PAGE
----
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5 Comments. Leave new

  • Hi Chris.
    For an aesthetic, you might want to check out some Miyazaki films, like Porco Rosso,, and Castle in the sky. Very cool vintage Italian aeroplanes.

  • Andre Szlendak
    March 7, 2016 11:59 am

    I like that you’re attempting something you have limited experience with in terms of the electronics. I’d be curious what sort of optimal (assuming ideal efficiency) power you could get out of this and how it would compare to maybe your expectations and results.

  • Roshan Misra
    March 6, 2016 11:21 pm

    This is a cool idea! What kind of scale were you thinking for it? I know one thing with wind turbines is that its hard to get substantial power out of them without them being really fine tuned, and generally really big, so I’m not sure how much power you’ll realistically be able to pull from it. As far as aesthetics go, I think it would be pretty cool to try to model it after a tree somehow. Maybe add on branches or leaves to make it blend better with the nature surrounding it. One nice looking wind turbine I found online is this one:

    For the blades, you might consider buying wood and fastening it together somehow to create the shape of blades. It may be easier to make it aesthetically pleasing, while still hopefully minimizing weight if you use balsawood or something similar. You could also check out sheet metal. I know you can get 3’x3′ sheets from and can bend them at the physics machine shop. Its also a light material but relatively easy to shape.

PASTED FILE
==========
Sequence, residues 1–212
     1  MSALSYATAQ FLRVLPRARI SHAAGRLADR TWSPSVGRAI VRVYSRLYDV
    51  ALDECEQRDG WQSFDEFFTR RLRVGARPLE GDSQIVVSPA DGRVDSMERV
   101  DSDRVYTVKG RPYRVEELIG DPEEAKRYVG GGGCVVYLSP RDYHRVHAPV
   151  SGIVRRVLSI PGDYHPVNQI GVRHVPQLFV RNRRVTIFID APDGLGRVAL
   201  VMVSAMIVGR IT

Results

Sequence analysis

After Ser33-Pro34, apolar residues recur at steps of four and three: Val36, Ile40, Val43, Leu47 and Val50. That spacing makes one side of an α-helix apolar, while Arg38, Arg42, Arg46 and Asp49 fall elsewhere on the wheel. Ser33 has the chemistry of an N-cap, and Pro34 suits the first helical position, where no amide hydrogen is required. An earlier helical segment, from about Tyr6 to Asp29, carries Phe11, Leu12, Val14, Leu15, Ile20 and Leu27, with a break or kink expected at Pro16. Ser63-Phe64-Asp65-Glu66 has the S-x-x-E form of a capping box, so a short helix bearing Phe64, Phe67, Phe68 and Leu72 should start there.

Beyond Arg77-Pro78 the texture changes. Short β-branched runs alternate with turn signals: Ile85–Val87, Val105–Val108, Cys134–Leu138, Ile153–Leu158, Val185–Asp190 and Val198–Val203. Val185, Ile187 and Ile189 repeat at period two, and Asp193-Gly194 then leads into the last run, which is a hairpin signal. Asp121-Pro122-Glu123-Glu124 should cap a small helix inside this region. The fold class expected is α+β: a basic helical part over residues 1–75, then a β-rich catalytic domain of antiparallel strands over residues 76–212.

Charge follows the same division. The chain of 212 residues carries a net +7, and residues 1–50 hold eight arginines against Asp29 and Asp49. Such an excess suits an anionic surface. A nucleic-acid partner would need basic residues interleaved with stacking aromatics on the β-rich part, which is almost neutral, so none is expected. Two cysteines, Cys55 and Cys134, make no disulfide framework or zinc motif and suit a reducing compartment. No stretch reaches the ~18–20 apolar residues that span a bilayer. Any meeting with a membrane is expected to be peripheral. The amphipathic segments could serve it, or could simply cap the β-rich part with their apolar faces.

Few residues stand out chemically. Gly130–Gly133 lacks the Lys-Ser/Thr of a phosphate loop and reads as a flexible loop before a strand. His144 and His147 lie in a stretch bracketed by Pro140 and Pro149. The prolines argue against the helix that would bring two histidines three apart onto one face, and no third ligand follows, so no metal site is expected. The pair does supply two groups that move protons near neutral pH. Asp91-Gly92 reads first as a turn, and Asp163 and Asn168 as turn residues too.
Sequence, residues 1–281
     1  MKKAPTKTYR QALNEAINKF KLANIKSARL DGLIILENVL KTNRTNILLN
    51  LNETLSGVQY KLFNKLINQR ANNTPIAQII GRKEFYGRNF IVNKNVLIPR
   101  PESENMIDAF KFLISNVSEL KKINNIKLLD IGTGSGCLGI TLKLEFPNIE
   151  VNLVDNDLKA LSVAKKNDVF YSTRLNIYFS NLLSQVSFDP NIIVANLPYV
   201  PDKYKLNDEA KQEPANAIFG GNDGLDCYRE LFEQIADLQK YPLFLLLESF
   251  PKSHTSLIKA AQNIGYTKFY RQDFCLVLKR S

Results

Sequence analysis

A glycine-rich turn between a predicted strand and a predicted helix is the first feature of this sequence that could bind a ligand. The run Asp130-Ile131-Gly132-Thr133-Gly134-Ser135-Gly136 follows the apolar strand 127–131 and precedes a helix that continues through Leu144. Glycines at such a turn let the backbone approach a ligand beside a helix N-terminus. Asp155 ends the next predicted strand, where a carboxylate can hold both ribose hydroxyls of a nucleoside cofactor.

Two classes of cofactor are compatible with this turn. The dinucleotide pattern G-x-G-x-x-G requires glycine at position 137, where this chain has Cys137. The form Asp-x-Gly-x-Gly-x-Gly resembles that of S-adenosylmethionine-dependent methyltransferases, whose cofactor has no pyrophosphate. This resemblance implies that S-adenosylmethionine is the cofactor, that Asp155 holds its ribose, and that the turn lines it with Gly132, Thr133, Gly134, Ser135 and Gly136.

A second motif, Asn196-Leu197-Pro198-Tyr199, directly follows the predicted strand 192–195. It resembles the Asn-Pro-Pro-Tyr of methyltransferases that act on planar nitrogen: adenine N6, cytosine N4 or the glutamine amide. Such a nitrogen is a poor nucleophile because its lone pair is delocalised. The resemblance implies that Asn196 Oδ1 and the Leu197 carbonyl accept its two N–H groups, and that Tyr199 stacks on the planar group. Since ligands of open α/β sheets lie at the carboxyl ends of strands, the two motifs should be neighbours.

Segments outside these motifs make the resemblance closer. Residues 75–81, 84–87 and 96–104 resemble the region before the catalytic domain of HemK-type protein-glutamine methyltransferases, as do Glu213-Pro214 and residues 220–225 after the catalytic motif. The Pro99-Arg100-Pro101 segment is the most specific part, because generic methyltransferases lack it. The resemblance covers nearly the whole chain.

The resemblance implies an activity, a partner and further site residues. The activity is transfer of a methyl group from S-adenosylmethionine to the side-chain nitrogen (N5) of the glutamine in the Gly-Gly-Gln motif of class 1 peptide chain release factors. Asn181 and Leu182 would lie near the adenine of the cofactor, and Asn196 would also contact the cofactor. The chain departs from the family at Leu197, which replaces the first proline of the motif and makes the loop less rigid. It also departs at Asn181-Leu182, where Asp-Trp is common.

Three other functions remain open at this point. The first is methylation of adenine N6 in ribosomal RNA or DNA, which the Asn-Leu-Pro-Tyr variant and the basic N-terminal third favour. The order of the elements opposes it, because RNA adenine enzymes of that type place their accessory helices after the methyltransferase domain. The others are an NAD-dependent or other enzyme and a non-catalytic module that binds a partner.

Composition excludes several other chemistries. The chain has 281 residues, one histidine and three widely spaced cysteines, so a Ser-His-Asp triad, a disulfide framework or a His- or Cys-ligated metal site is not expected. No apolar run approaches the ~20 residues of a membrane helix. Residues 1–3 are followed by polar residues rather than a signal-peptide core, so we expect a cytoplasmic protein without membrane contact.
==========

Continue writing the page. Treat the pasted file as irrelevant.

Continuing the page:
I’m impressed with the scope you went with for this project! Its ambitious, but could create an awesome and worthwhile product in the end. You might want to look in to talking with some folks in Environmental Design since this is kind of their specialty. Good luck! I’m excited to see your progress through the semester.

  • Joseph Yoshimura
    March 6, 2016 11:06 pm

    This is a great project! Unlike my project, I think yours is incredible due to the fact you can use this forever. In addition, in the long run it can save you money. I’m surprised by all of the different approaches there are to this, such as using AC or DC. It will most likely be difficult and challenging, especially since Roshan is the only member of our group with a great deal of electronic work. However, I am sure that if you plan and think this through enough you will be able to come up with a design before actually building that will prevent many of the potential problems you could encounter later.

  • Jacob McCormick
    March 6, 2016 8:39 pm

    That’s a sweet idea, how are you planning to address the fact that most of these do it yourself windmills are not very aesthetically appealing. Also, do you have an estimate for how much power it will output?